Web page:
In today’s digital age leaflets may be considered old hat in terms of marketing your business, but a well-designed leaflet, which is visually appealing and packed with useful information, can be a cost-effective promotional tool.
Leaflets can be a much more cost effective way of reaching your target audience than paying for online ad campaigns, especially if you are marketing to a local audience where delivering through doors, inserting in a local newspaper or handing out in the streets are good ways of getting your message directly to the people who may be interested in what you have to offer.
Where leaflets can also be superior to many digital advertising packages is in terms of the amount of information you can include. With many online advertising platforms, you are restricted to a limited number of words to get your message across, whereas there is no hard and fast word count limits on leaflets.
Saying that, just because you could get thousands of words into a leaflet, doesn’t mean you should…
Leaflets need a clear Call to Action
A leaflet needs to be visually appealing to draw a potential customer in, with a clear message and call to action directing your reader what step they should take next, eg visit your website or call you.
Big blocks of text can be off-putting and may well lead to your leaflet ending up in the bin, so it’s well worth making sure you have a clear message you wish your leaflet to carry and be as concise as possible in your wording.
Use headers and bullet points
How your leaflet looks at first glance may well be the deciding factor on whether your reader takes the time to read what it has to say or whether they just discard it – effectively wasting your time and money, not to mention the opportunity to gain a new customer.
As well as ensuring the text is well laid out and easy to read by making use of headings and bullet points, you also need to think about the images you include in your leaflet.
There’s nothing to say you have to spend hundreds of pounds having a professional photographer take all your images, but if you are using photos you have taken yourself, make sure they are in focus and of sufficient quality to reproduce well in print.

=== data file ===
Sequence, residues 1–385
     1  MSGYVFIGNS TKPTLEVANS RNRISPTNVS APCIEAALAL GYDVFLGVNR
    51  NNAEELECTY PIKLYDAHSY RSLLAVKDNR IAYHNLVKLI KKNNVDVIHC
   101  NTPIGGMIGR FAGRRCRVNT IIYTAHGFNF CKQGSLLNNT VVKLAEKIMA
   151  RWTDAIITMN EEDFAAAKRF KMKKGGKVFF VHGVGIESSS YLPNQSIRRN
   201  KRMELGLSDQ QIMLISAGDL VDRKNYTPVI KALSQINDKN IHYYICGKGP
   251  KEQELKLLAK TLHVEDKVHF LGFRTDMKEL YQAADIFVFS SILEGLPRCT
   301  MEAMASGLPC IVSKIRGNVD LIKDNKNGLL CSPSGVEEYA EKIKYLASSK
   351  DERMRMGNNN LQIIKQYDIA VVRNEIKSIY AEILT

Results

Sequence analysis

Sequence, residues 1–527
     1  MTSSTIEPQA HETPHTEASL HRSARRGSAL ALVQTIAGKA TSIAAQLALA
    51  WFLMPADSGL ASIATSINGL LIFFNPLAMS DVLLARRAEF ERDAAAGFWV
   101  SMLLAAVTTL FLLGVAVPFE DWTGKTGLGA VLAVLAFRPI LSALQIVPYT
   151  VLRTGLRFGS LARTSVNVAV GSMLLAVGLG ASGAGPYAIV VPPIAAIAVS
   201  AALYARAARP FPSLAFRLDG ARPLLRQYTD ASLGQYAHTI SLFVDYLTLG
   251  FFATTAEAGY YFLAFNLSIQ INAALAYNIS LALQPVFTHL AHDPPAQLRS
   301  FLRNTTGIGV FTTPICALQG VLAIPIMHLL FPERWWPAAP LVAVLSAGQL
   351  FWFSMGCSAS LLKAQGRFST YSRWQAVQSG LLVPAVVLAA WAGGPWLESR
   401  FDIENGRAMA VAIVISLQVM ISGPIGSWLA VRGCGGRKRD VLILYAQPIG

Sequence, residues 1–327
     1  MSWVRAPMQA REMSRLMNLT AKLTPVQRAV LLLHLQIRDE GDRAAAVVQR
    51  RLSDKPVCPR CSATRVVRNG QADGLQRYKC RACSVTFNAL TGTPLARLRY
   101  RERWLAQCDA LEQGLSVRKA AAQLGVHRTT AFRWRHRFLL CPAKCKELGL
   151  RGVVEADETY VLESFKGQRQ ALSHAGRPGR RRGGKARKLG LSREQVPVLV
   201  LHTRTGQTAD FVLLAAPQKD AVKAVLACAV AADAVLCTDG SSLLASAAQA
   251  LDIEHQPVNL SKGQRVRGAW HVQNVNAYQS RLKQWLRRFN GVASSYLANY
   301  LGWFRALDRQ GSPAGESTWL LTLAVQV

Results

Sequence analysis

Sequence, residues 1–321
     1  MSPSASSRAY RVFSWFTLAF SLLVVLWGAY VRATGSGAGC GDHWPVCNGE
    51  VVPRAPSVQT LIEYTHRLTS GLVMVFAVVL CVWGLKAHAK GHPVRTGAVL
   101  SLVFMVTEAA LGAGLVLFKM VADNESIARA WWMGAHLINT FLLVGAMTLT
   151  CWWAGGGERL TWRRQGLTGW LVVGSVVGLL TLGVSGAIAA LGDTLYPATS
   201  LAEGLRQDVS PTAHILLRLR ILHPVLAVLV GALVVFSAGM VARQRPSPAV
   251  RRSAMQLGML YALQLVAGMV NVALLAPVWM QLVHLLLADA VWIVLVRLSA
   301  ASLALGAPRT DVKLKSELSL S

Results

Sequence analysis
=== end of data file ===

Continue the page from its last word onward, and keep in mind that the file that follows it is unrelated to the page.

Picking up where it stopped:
As well as the layout of your text, you also need to ensure the text itself is legible, so consider the font you use in your leaflet.
There are hundreds of beautiful and fancy fonts out there, but that certainly doesn’t mean you should throw them all at your leaflet – not if you expect it to look good.
Use an easy to read typeface
Stick to a classic font such as Arial for the body text and perhaps consider a contrast font for headings. It’s best to stick to just one or two different fonts maximum.
Your whole design will depend on the format of your leaflet, with many printers offering a wide variety, from the single sheet A5 flyer to folded, gate-folded, z-fold and accordian fold leaflets, not to mention all kinds of presentation folders with loose leaf inserts.
The format, as well as the paper weight and finish (see sidebar), may well be things you need to consider depending on the way you intend to distribute your leaflet. For example, you may choose a lighter weight paper to keep costs down if you are sending it through the post, while some formats such as concertina may not be suitable for insertion in local newspapers.
These are important things to consider when deciding to produce a leaflet as they can have a huge effect on the quality of the finished product.
Talk to me about leaflet design and printing on 07595 036454.
I may also be able to help arrange distribution and delivery of your leaflets across souuth Lincolnshire and the Peterborough area.
All about the finish…
Paper weight is measured in gsm (grams per square metre of paper). The lower the gsm, the lighter and thinner the paper. For example, typical office printer paper is just 80-100gms, while luxury business cards can be up to 450gsm.
When it comes to leaflets you should probably consider a minimum of 120/130gsm, with 150 or 170gsm being a good option for a real quality feel to your product.
If you are considering a zigzag or concertina style leaflet, a paper weight of 250gsm may be advisable as this will still crease and fold without too much springing open.
Many printers also offer different finishes for the paper used for your leaflet, including uncoated, silk or gloss.
Uncoated can give a softer feel to the finished leaflet, while silk give a more muted and classic impression than gloss.